Hokies not looking at D ranking, but mistakes
Defense is king again at Virginia Tech, not that the Hokies are satisfied.
Virginia Tech (2-1) will bring the nation’s No. 2 ranked defense into their game against Marshall on Saturday, looking to demonstrate once again the formula for success that elevated the program.
No team has managed more than the 206 yards top-ranked Alabama gained in the season-opener against defensive coordinator Bud Foster’s unit. Western Carolina gained just 162, and East Carolina 204.
Defensive end J.R. Collins the efficiency stems from the failures of last season. The Hokies finished 7-6, saw their streak of seasons with 10 wins end at eight and barely qualified for a bowl game.
“I think last year we learned a good lesson: You can’t just go out there and expect for things to happen. This year we’re just taking it a day at a time, punching the clock every day,” Collins said.
“What’s important now is just taking care of the little things, and that’s something we didn’t do last year. This year, doing those things, it’s showing that it pays off.”
The defense was very competitive against the Crimson Tide. Breakdowns in special teams and on offense led to three returns for Alabama touchdowns. With young players in the secondary, the Hokies limited normally efficient Alabama quarterback AJ McCarron to 10 completion in 23 tries for 110 yards passing with a rare interception.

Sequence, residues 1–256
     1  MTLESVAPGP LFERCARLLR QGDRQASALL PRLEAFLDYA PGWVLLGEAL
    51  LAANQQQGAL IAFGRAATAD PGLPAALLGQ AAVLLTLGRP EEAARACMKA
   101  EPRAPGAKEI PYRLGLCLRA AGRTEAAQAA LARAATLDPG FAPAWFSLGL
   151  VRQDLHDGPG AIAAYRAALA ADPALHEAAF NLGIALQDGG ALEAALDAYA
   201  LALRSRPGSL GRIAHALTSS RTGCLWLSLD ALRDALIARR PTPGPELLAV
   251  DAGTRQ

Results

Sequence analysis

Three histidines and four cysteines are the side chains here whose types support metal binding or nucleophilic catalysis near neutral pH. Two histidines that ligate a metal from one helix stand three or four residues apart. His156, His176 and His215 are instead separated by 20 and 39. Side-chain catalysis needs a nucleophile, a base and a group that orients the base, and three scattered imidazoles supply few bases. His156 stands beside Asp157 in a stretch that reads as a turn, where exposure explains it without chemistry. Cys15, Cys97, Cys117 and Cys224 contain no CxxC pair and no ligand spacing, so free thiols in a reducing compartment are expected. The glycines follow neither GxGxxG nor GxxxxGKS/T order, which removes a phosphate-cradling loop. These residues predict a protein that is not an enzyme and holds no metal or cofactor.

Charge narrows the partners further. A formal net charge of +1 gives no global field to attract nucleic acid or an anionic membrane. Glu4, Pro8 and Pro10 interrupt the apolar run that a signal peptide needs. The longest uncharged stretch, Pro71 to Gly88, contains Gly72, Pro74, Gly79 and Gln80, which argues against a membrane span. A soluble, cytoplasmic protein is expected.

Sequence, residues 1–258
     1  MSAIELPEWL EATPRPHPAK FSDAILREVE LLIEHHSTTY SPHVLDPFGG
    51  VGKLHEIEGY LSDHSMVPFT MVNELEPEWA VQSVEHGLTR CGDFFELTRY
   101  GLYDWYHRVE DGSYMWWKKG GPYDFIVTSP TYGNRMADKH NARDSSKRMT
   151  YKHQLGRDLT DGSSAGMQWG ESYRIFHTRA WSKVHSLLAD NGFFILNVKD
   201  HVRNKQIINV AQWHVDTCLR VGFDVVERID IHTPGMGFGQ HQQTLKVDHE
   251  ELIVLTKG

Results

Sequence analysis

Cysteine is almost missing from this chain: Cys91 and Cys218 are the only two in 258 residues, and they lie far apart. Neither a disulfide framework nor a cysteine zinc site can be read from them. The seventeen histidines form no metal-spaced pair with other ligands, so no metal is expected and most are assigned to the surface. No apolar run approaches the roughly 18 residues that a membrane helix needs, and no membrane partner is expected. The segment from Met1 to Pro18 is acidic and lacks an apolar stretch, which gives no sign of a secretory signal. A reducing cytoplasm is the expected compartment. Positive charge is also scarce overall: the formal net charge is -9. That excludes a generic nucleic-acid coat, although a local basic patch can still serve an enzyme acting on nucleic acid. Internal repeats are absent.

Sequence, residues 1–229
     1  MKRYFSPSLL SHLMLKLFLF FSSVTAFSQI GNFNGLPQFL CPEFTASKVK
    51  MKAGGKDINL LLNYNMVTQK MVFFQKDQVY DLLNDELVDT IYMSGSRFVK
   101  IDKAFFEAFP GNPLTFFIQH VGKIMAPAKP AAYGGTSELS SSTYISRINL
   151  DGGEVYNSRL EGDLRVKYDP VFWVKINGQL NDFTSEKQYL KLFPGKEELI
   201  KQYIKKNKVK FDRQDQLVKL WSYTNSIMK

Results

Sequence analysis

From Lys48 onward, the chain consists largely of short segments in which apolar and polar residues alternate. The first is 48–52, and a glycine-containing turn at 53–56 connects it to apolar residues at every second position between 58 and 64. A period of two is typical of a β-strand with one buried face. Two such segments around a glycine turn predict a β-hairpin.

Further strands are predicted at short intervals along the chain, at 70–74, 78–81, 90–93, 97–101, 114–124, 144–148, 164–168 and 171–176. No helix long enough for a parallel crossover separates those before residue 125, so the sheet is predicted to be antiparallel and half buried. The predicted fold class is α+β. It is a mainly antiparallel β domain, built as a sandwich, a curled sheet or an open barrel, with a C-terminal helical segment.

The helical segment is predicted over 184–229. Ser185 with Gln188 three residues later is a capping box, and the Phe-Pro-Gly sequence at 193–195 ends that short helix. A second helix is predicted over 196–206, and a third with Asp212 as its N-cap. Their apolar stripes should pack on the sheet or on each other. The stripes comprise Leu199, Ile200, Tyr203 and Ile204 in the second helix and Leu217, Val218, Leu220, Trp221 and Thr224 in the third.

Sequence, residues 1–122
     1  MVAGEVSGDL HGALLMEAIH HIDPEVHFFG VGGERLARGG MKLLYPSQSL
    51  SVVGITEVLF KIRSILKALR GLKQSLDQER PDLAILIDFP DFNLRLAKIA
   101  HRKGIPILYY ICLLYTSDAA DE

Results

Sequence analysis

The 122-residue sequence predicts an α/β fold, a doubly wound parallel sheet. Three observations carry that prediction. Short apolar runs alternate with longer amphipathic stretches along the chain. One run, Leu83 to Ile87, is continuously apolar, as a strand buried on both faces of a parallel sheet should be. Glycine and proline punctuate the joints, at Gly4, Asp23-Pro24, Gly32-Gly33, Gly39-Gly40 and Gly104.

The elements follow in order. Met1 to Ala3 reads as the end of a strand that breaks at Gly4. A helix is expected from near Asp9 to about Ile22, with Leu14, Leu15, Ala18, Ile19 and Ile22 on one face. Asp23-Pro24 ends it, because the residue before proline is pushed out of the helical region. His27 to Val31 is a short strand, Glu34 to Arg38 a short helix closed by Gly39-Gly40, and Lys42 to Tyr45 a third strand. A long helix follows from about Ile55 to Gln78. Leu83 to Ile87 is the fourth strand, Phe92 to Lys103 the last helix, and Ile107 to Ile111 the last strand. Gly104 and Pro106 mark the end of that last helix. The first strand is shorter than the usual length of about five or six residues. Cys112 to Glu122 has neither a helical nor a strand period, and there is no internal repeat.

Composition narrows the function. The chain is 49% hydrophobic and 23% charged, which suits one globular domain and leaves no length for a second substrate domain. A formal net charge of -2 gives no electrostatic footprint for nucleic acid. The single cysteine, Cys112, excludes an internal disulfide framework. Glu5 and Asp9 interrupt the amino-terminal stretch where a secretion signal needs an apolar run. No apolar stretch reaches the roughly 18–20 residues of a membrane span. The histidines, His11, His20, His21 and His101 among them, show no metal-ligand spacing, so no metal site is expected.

The following week, Western Carolina’s lone points came after the Catamounts recovered a muffed punt at the Hokies’ 11, and the Pirates drove for a TD in the opening 1:39 last week before being almost completely shut down.
“Defensively, they are as good of a football team as you’ll find in this country,” Marshall coach Doc Holliday said Tuesday. “I’m not just saying that because we are playing them. Their stats prove that and Alabama moved the ball up and down the field against Texas A&M, but had a lot of trouble against the Virginia Tech defense.”
Virginia Tech had seven sacks last weekend despite East Carolina’s quick throw philosophy.
“Really it was coach Foster’s game plan and us executing which gave us success,” Collins said.
The Hokies set goals before last season of being the best defense in school history, a lofty goal since Foster’s guys finished No. 1 nationally in 2005 and against in 2006. Instead of talking about repeating that this year, they have gone back to basic goals like forcing more turnovers.
They have 12 sacks and seven interceptions, one of which safety Detrick Bonner returned for a TD.
“That was kind of a big deal for us, just being able to come in and at least getting at least three turnovers per game just so we can help out the offense,” linebacker Tariq Edwards said. “I think the defensive linemen have done a great job getting pressure on the quarterback and allowing us to do that.”
Keeping it going, Collins said, is all about continuing to work.
“We’re not thinking too much about where we’re ranked right now,” he said. “We’ve got a lot to work on. These past few games we’ve had success but at the same time there’s a lot we’ve got to work on.”
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